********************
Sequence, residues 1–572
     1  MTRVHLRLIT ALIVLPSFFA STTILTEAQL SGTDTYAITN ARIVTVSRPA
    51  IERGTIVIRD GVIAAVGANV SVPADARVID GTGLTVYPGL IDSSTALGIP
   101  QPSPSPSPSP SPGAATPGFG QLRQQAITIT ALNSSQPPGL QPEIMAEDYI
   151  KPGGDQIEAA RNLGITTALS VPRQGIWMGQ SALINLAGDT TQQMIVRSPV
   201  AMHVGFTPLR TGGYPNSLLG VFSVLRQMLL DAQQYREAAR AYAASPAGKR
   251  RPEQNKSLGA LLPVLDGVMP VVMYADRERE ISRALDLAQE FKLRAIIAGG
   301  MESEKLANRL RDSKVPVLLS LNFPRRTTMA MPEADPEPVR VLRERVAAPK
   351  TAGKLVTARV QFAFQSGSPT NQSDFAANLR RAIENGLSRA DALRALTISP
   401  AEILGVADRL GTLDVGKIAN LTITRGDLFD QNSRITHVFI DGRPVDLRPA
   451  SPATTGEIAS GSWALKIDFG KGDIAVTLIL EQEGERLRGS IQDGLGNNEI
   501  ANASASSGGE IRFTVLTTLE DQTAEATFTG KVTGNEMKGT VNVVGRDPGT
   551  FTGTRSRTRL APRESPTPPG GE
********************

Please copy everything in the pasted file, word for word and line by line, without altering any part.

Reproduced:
Sequence, residues 1–572
     1  MTRVHLRLIT ALIVLPSFFA STTILTEAQL SGTDTYAITN ARIVTVSRPA
    51  IERGTIVIRD GVIAAVGANV SVPADARVID GTGLTVYPGL IDSSTALGIP
   101  QPSPSPSPSP SPGAATPGFG QLRQQAITIT ALNSSQPPGL QPEIMAEDYI
   151  KPGGDQIEAA RNLGITTALS VPRQGIWMGQ SALINLAGDT TQQMIVRSPV
   201  AMHVGFTPLR TGGYPNSLLG VFSVLRQMLL DAQQYREAAR AYAASPAGKR
   251  RPEQNKSLGA LLPVLDGVMP VVMYADRERE ISRALDLAQE FKLRAIIAGG
   301  MESEKLANRL RDSKVPVLLS LNFPRRTTMA MPEADPEPVR VLRERVAAPK
   351  TAGKLVTARV QFAFQSGSPT NQSDFAANLR RAIENGLSRA DALRALTISP
   401  AEILGVADRL GTLDVGKIAN LTITRGDLFD QNSRITHVFI DGRPVDLRPA
   451  SPATTGEIAS GSWALKIDFG KGDIAVTLIL EQEGERLRGS IQDGLGNNEI
   501  ANASASSGGE IRFTVLTTLE DQTAEATFTG KVTGNEMKGT VNVVGRDPGT
   551  FTGTRSRTRL APRESPTPPG GE